The new street minyanim have led to a dilemma for davening

Outdoor prayer groups in Israel have raised several halachic questions


A group of Orthodox Jewish men wearing protective face masks and keeping a safe distance from each other, hold a noon prayer in a street in the coastal city of Tel Aviv, amid the novel coronavirus pandemic, on October 22, 2020. (Photo by MENAHEM KAHANA / AFP) (Photo by MENAHEM KAHANA/AFP via Getty Images)

An old joke suggests that when God is disappointed by humanity, he decides to flood the world again. He assembles the world’s religious leaders to warn them of the coming cataclysm and to offer them a final wish. Tearfully, they file in, pray for forgiveness and make their final requests. Only the Chief Rabbi smiles. When, his turn comes, he says to the officiating angel, “My request is a submarine for every Jew”.

Jews have an extraordinary determination to survive and maintain our faith. Covid has made it hard for us to pray in synagogues as we once did, but our resolve is strong and British rabbis have made extraordinary efforts keep their communities alive.

In Jerusalem, many people pray in shtiblech, tiny synagogues too small to be made Covid-compliant. When the government ordered their closure, pop-up street minyanim appeared across the neighbourhood. Three times a day, people perch on their balconies, stand in their front gardens and hover at the sides of the roads to pray.

As these minyanim became more permanent, large tarpaulins were strung up between buildings to shield worshippers from the weather, and amateur carpenters built portable arks to house the Sifrei Torah.

The minyan on my street includes a diverse group of men and women, including an Israeli war hero, a former government minister and a retired English rabbi. These regulars are sometimes supplemented by the dustmen who interrupt their rounds to recite Kaddish with us. The strange setting for our prayers raises lots of halachic questions.

One of the first debates focused on what time we should pray. Ideally, the morning service should be said as close as possible to sunrise. The Shema needs to be said by a certain time, and on fast days and festivals it’s dangerous to spend long in the sun. An early start made sense, but when praying in the streets, other moral and halachic factors kick in.

Social distancing leads people to spread out along the road, and prayers must be chanted loud enough for all to hear. Heartfelt singing is fantastic for our sense of spirituality, but if it wakes up the neighbours, then it’s what the rabbis called gezel sheyna, “stealing peoples’ sleep”. Since no one likes being woken up, that breaches the requirement to “Love your neighbour as you love yourself”, so compromises had to be found.

Having settled the hour of prayer, there are other obstacles to overcome before we can pray. Halachah prohibits us from praying near human or animal filth and it demands that we check for cleanliness before we pray (Talmud Berachot 25a).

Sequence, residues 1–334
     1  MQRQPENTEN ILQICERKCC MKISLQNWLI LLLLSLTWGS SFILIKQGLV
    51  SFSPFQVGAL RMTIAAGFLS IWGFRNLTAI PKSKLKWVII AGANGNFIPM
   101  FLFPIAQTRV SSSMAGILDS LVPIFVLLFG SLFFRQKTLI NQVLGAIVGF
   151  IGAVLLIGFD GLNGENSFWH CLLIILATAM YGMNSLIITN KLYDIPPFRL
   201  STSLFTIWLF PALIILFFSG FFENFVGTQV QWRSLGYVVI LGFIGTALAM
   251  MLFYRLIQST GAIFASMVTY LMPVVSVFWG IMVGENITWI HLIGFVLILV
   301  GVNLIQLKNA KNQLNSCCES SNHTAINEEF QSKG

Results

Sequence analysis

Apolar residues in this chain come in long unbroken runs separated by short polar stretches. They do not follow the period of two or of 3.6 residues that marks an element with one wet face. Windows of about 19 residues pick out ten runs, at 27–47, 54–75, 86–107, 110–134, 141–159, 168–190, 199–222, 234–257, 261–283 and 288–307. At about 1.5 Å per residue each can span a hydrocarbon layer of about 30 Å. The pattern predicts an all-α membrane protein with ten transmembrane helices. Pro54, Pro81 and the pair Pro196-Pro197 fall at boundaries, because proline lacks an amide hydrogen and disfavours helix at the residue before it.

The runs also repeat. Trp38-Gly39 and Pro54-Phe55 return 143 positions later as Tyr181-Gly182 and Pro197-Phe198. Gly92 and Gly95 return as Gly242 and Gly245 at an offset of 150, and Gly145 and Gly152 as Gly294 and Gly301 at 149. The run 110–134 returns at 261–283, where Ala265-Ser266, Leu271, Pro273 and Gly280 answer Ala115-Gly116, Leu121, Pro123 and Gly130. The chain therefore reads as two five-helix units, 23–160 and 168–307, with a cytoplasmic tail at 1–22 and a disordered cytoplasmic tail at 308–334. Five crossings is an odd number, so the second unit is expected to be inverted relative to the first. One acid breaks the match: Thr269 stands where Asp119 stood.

Our shuls are presumed to be clean, so there’s no need to check them. Outdoors is different. Dogs may have fouled the footpaths, so every service starts with a quick inspection and occasionally brooms and mops must be mobilised before prayers can start.

Street minyanim have thrown together Ashkenazim, Sephardim and Chasidim. Although all are Orthodox; each group has their own slight variations in the language, pronunciation and order of prayer. Ordinarily, each group prays in their own shul with the community that shares their tunes and traditions, but when you’re on the streets, whose customs should prevail?

Rabbi Eliezer Melamed suggests that in previous generations, every synagogue stuck to its own rigid set of customs and everyone had to respect those, but Israel has been a gamechanger. It has reunited Jews from across the world, creating a multicultural Jewish state.

By now, most religious Israelis are familiar with a range of different customs and they are competent to participate in a variety of service styles. Our services can be led by Jews of different backgrounds and we should follow the customs of the chazan for all the prayers that are said aloud, though individuals are entitled to follow their own customs when saying the silent prayers (Peninei Halachah, Laws of Prayer, chapter 6).

“We have never”, writes Maimonides, “seen nor heard of a Jewish community that does not have a charity fund” (Laws of Gifts to the Poor 9:3). Charity is a defining feature of a Jewish community, so as street minyanim became more permanent, we were compelled to continue this generous tradition. Every day, a collection box is passed around the minyan and the donations are distributed to the needy.

The charity collection may be a sign of permanence, but with vaccination rates rising, and the number of infected falling, there are hopes that synagogues will soon be able to function at full capacity. The daveners are debating whether they wish to return to shul or stick with their informal services on the streets. Whatever happens, we are united in praying for an end to the pandemic and healing and comfort for those who have suffered.

Gideon Sylvester is the United Synagogue's Israel rabbi



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